I had not noticed this before, but apparently August is college textbook season. I guess that makes sense. School will start up in a month and college students are widely known for not leaving things to the last minute. Both SmartMoney and The New York Times’ Bucks blog came out with items on how to save on textbooks in the last 48 hours.
My first reaction to the focus on textbook costs is that it is misplaced. College is an expensive endeavor, and the price of textbooks does not help any, but let’s get real. It’s like worrying about the low gas mileage on a Ferrari. Double what you spend on books or eliminate it entirely and you’ll still graduate with essentially the same heap of debt.
Alas, this is yet another triumph of psychology over math. Textbooks, unlike tuition, are usually not financed, so the expenditure is more noticeable. Money not spent of books can be spent on Pizza. Further, my unscientific guess is that texts are more likely to be paid for out of the pocket of students, rather than by mom and dad.
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It is time to make another visit to the bounty of information that our nations’ intrepid polling companies gather for our enjoyment. I usually start these visits with a short proviso about how survey data about what people say to strangers who call them on the phone can’t hold a candle to data about what people actually do. Often I point out that survey respondents tend to be neither candid nor thoughtful in their responses.
Today I am going to skip all that. I will just give examples.
The Rich are Optimistic?
On July 12 Gallup found that Upper-Income Americans See Living Standards Improving. Depending on your outlook, that might have given you a sense of second order optimism, after all, those rich folks must know more than the rest of us, or perhaps bitterness of the-rich-just-get-richer sort.
In either case the feeling was likely short-lived because four days later The New York Times carried the front page headline Wealthy Reduce Buying in a Blow to the Recovery. The Times story was largely a compilation of anecdotes and quotes from assorted “analysts” who like to see their names in print. But the gist was that rich folks are pessimistic enough about the future to cut back on spending.
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Free Money Finance has a post this morning which is a riff on a quote from Dave Ramsey to the effect that the average college student graduates with $15,000 in debt, which is also about how much the average student spends by living off campus and not eating in the cafeteria.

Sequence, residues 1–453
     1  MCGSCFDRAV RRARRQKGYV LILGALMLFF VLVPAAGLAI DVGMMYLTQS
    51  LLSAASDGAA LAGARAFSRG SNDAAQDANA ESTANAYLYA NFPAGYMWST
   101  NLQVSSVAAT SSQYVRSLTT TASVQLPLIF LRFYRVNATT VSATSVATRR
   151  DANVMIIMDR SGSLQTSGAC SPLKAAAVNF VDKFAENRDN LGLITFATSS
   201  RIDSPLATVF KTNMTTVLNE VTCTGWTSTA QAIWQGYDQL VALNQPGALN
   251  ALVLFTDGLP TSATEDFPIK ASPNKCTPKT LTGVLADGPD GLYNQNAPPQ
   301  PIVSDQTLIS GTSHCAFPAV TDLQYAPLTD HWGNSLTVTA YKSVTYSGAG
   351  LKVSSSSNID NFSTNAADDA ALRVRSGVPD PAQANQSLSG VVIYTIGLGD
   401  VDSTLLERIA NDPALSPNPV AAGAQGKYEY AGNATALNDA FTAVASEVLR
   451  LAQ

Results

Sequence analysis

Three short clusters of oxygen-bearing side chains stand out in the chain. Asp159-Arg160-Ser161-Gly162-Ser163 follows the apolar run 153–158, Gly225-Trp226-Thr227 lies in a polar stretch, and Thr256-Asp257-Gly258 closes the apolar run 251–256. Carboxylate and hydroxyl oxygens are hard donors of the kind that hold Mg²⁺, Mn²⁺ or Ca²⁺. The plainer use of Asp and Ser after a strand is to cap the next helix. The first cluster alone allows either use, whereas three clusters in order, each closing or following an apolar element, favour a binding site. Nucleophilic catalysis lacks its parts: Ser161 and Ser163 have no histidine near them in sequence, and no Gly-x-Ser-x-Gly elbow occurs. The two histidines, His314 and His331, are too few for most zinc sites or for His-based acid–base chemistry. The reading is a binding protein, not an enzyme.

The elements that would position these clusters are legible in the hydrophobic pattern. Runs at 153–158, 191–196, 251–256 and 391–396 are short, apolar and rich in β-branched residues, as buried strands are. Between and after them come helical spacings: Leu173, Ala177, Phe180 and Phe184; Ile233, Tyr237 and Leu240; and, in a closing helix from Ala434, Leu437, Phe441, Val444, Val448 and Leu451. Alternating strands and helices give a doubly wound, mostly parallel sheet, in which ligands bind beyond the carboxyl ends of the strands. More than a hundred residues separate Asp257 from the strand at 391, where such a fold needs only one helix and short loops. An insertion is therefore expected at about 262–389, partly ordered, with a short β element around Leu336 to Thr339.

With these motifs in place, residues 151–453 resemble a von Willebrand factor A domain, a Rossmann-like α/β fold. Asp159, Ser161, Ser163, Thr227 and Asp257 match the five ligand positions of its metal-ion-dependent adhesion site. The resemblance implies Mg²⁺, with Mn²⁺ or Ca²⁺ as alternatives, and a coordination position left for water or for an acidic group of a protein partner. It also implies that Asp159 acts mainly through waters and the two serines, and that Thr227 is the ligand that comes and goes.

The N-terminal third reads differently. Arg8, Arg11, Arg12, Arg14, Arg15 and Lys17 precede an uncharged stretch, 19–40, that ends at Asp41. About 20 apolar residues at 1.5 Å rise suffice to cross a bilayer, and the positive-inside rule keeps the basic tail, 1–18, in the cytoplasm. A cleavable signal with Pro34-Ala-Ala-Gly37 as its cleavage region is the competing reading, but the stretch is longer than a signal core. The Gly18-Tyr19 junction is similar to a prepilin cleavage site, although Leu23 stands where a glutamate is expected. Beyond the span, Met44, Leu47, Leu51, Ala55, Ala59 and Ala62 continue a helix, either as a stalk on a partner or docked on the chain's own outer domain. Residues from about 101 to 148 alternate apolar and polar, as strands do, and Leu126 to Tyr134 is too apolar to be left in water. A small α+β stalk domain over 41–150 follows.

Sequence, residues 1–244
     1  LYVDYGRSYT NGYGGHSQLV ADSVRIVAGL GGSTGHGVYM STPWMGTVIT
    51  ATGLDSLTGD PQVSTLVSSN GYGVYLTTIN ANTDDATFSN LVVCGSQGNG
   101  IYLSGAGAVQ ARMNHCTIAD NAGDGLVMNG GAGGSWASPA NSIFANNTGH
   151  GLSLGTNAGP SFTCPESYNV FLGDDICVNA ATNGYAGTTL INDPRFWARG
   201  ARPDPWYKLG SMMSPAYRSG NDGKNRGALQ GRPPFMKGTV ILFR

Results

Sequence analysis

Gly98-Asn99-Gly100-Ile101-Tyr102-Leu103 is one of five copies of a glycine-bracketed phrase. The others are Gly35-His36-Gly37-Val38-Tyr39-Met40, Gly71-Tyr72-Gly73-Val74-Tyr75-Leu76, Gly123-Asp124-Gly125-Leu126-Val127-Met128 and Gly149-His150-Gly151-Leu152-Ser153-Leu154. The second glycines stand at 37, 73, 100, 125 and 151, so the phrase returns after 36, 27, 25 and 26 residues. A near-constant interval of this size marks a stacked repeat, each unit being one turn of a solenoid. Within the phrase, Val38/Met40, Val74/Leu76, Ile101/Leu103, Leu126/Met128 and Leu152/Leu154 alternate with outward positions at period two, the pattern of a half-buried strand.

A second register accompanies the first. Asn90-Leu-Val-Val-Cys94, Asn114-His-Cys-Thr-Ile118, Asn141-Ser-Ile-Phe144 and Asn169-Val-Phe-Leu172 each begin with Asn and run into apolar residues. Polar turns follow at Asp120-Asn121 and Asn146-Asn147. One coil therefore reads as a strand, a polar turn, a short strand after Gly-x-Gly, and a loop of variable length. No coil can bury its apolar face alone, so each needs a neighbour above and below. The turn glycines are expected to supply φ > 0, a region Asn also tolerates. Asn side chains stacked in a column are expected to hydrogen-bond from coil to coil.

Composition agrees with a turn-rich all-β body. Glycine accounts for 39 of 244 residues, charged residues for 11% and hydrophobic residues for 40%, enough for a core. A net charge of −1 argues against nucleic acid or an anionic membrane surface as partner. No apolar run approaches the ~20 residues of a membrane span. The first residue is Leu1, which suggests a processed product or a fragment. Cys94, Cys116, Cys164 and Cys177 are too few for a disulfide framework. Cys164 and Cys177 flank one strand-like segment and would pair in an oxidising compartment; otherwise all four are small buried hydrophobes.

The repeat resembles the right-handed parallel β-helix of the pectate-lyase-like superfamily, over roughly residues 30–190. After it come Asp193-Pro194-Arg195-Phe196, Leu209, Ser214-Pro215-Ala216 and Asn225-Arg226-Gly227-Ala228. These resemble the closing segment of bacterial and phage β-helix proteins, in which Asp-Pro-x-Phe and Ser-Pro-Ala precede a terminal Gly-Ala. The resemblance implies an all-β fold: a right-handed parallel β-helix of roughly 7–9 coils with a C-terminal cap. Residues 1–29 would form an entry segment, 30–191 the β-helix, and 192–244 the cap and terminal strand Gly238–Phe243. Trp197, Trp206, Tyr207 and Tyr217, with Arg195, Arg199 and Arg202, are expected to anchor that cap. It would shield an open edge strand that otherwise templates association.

The $15K figure is, at the very least, out of date. The quote was from Ramsey’s book, published in 2003, and he cites as his source a conversation he had “a couple of years ago.”
But it has a bigger flaw than that. This is one of those numbers where average should not be confused with typical. Strange but true, many college students graduate with no debt. Others graduate with many multiples of the average.
So I have a lot of trouble with the premise that there exists a big population of college students who would have graduated without any debt, had they not modestly improved their lifestyle by living off-campus. But for the sake of argument, let’s accept the premise at face value. Assume that a college student has borrowed $15K solely to live a little more comfortably, that is, for pizza, beer, and the like. Is that a bad thing?
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March is just around the corner, which means we are entering the heart of tax season. Time to gather those 1099s, fire up the old TurboTax, and wonder how we can possibly pay Uncle Sam less money next time.
So ’tis the season to think about, and write about, schemes and tricks to minimize your tax bill. For example, the AP ran an item the other day discussing the rather unlikely maneuver of teenagers opening Roth IRAs.
It’s an idea with some intuitive appeal. As readers of this blog know, Roths are attractive if you believe that the tax rate paid today is likely to be lower than what will be paid when the money is withdrawn from the IRA. A teenager with a tiny income, and thus a low marginal tax rate, certainly qualifies.
And there is the tremendous emotional appeal of "the magic of compounding" that miracle of mathematics that will drastically increase the IRA balance during the very long journey to retirement. Even with only 5% annual return, after 50 years $1 would grow to $11.46. Imagine how grateful your child will be when they retire and realize the foresight you had in making them save way back in 2010.
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Earlier this month I asked Is a College Degree Worth Anything? It is a theme I’ve touched on a few times over the past year. (See other posts in the category "College" at right.) In my view college is financially a great deal for some people, and a good deal on average, but at the marginal extreme probably not worth it.
Two recent posts on WalletPop (here and here) raised an interesting follow-up question. Is a fake college degree worth anything?
I am talking about degrees from what are called diploma or degree mills. Deliciously, WalletPop makes a distinction between the terms based on how blatant the fraud is. Diploma mills sell official looking papers for a modest fee. Degree mills make a show of reviewing your "life experience" before selling you official looking papers for a slightly less modest fee, running from several hundred to several thousand dollars.
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